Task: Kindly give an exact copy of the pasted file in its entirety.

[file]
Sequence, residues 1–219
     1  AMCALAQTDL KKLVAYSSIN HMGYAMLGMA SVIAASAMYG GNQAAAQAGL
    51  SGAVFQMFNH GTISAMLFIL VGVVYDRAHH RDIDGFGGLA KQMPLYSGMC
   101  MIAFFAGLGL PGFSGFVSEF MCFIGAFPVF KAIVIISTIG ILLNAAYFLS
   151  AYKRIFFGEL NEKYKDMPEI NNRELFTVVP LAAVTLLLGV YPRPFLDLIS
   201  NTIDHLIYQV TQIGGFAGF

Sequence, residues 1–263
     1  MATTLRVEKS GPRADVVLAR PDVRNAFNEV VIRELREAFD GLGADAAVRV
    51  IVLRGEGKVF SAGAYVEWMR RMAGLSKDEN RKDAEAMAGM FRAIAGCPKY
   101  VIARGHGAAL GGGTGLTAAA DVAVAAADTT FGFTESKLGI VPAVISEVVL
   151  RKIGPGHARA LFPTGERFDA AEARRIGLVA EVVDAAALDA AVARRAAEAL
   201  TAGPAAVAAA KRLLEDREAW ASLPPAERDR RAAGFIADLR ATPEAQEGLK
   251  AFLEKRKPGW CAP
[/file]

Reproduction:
Sequence, residues 1–219
     1  AMCALAQTDL KKLVAYSSIN HMGYAMLGMA SVIAASAMYG GNQAAAQAGL
    51  SGAVFQMFNH GTISAMLFIL VGVVYDRAHH RDIDGFGGLA KQMPLYSGMC
   101  MIAFFAGLGL PGFSGFVSEF MCFIGAFPVF KAIVIISTIG ILLNAAYFLS
   151  AYKRIFFGEL NEKYKDMPEI NNRELFTVVP LAAVTLLLGV YPRPFLDLIS
   201  NTIDHLIYQV TQIGGFAGF

Sequence, residues 1–263
     1  MATTLRVEKS GPRADVVLAR PDVRNAFNEV VIRELREAFD GLGADAAVRV
    51  IVLRGEGKVF SAGAYVEWMR RMAGLSKDEN RKDAEAMAGM FRAIAGCPKY
   101  VIARGHGAAL GGGTGLTAAA DVAVAAADTT FGFTESKLGI VPAVISEVVL
   151  RKIGPGHARA LFPTGERFDA AEARRIGLVA EVVDAAALDA AVARRAAEAL
   201  TAGPAAVAAA KRLLEDREAW ASLPPAERDR RAAGFIADLR ATPEAQEGLK
   251  AFLEKRKPGW CAP